Want your song to top the charts? Just add backup singers. A new study published in Musicae Scientiae, the Journal of the European Society for the Cognitive Sciences of Music, suggests that using backup vocals may give an edge to artists and producers trying to craft the next big hit.
Professors from the University of Southern California’s business and music schools – along with a marketing professor at Italy’s Bocconi University – analyzed the acoustic components of the most popular songs over the past 55 years, to determine which recipes worked best. They looked both at the 1,029 songs that reached No. 1, plus the songs that made Billboard’s Hot 100 chart but never climbed higher than No. 90, and they classified the instrument and vocal combinations audible in each.
The majority of No. 1 songs featured backup vocals, while background singers were absent from the bulk of the songs that got stuck at No. 90 or below. Pharrell’s “Happy,” for example, which topped the chart for 10 weeks — longer than any other song this year—featured six backup singers cooing under Pharrell’s falsetto chorus; Van Morrison’s song “Moondance” and Reba McEntire’s 2005 song “My Sister” were among the songs lacking backup vocals that never cracked 90th place.
Chart toppers also tended to include both synthesizers and guitar along with the backup vocals. Michael Jackson made good use of this formula, employing it to top charts throughout the 80s and 90s with songs such as “Billie Jean,” “Beat It,” “Bad,” “Black Or White” and “You Are Not Alone.” Instrumental combinations common among the bottom-ranking tunes were clean, undistorted guitar plus acoustic piano, or bass guitar plus synthesizers without electric piano.
Of course, there’s no hard-and-fast rule – 50 Cent’s 2003 hit “In Da Club,” for example, still managed to top charts despite sharing the core characteristics most common to the lowest-ranking songs. Joseph Nunes, the marketing professor from USC’s Marshall School Of Business, said he thought that backup vocals were key because they gave the illusion of human “interplay” that most listeners enjoy at a basic level.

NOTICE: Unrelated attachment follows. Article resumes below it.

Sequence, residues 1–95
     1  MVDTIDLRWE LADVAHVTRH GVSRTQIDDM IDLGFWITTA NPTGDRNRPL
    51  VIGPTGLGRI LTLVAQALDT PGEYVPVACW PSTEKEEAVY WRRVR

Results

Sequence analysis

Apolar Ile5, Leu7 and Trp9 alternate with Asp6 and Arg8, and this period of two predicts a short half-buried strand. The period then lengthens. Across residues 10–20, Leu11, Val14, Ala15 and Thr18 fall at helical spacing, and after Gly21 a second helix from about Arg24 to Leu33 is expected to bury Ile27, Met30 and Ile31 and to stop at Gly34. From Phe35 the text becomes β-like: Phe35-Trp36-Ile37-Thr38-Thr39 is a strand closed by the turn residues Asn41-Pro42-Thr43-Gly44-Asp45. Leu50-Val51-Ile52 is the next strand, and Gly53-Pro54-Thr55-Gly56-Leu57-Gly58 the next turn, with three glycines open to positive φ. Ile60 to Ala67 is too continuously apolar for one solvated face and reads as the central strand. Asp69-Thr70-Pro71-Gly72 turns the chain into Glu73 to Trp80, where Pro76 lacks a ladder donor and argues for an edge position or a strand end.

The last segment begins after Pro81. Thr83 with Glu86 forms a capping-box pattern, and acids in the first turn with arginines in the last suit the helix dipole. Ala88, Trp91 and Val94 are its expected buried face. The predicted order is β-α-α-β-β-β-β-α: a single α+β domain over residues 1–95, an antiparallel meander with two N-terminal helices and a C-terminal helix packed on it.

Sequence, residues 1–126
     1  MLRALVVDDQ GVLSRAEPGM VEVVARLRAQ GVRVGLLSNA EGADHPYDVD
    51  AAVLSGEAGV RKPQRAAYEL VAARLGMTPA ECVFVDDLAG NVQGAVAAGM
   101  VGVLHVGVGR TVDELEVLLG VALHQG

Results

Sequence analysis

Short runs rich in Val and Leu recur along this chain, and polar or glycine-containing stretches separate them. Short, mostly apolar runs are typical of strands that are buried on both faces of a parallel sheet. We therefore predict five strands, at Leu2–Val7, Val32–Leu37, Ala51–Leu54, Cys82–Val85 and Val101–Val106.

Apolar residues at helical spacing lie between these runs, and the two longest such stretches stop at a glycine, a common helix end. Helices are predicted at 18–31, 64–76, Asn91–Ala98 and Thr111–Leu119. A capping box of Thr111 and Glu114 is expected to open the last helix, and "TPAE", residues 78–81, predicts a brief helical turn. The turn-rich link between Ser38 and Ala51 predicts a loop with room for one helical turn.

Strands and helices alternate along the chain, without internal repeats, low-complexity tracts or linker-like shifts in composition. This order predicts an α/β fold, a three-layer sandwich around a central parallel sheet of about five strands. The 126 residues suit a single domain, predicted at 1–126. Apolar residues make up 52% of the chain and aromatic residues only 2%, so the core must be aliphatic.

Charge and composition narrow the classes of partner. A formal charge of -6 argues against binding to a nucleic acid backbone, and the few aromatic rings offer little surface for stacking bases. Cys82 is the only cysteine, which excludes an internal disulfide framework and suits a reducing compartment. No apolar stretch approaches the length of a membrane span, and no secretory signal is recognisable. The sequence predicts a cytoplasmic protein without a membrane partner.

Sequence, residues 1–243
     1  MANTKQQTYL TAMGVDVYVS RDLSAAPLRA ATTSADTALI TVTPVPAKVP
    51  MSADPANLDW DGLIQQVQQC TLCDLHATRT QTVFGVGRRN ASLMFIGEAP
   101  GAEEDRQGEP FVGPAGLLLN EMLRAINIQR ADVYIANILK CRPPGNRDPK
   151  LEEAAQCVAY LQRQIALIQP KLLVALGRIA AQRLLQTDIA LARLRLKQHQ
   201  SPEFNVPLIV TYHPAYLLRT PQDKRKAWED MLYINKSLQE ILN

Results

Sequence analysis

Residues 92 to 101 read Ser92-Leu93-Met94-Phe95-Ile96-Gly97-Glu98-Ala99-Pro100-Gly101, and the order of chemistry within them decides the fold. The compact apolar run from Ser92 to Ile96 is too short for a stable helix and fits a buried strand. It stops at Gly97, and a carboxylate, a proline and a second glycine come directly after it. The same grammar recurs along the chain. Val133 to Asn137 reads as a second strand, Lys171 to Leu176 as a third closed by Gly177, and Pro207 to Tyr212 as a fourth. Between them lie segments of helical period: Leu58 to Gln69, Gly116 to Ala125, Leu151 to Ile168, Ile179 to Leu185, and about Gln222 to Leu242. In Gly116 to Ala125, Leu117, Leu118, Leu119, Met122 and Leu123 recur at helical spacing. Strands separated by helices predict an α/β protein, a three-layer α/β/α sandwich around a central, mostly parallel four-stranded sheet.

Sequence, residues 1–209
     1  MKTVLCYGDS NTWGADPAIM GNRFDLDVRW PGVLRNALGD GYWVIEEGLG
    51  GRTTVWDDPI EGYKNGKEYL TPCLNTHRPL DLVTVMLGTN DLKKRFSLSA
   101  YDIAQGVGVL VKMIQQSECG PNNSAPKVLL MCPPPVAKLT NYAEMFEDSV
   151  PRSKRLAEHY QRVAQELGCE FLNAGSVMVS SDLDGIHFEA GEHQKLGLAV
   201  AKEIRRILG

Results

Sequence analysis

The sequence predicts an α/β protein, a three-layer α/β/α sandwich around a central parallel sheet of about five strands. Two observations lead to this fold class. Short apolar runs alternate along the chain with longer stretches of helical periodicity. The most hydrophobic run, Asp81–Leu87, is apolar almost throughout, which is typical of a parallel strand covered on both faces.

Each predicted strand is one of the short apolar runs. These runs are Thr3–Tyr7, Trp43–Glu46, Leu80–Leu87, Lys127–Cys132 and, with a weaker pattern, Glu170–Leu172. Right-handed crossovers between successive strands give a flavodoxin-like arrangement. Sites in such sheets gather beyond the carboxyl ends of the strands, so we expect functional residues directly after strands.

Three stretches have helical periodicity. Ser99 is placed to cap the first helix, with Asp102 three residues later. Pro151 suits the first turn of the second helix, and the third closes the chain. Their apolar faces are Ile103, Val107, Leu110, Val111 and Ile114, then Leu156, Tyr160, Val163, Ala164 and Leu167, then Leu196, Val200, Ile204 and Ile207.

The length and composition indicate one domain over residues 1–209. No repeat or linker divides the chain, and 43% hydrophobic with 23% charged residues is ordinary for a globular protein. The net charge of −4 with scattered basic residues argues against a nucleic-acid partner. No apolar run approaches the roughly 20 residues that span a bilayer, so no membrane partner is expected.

“A single vocal line can often sound lonely, while in contrast the dynamic interaction between a lead singer and one or more background singers may sound fuller, providing the appearance of the presence of an ensemble,” he and his colleagues wrote in the study. “Of course, this reasoning is purely speculative on our part.” The researchers also note that they did not control for a key variable that can influence chart position: the amount of money spent on radio promotion for each song.
For their next act, Mr. Nunes’ team wants to replicate its findings in a well-controlled lab experiment, adding and removing instruments and vocals from a given song and testing the results of each change on listeners. One company in Thailand is already running such experiments on its commercial music streaming service, monitoring plays and listener feedback on different versions of the same song, the study notes: “This is something we are eager to do.”
It’s not the first time academics have dissected pop hits in an attempt to discern a recipe for success. A 2011 study by researchers at Bristol University in the U.K. created a “hit potential equation” based on factors such as tempo, harmonic complexity and variations in rhythm for decades’ worth of Top 40 songs. A resulting website and app, “ScoreAHit” purports to tell users whether current releases—and even their own songs—are potential chart toppers, or headed for the dustbin.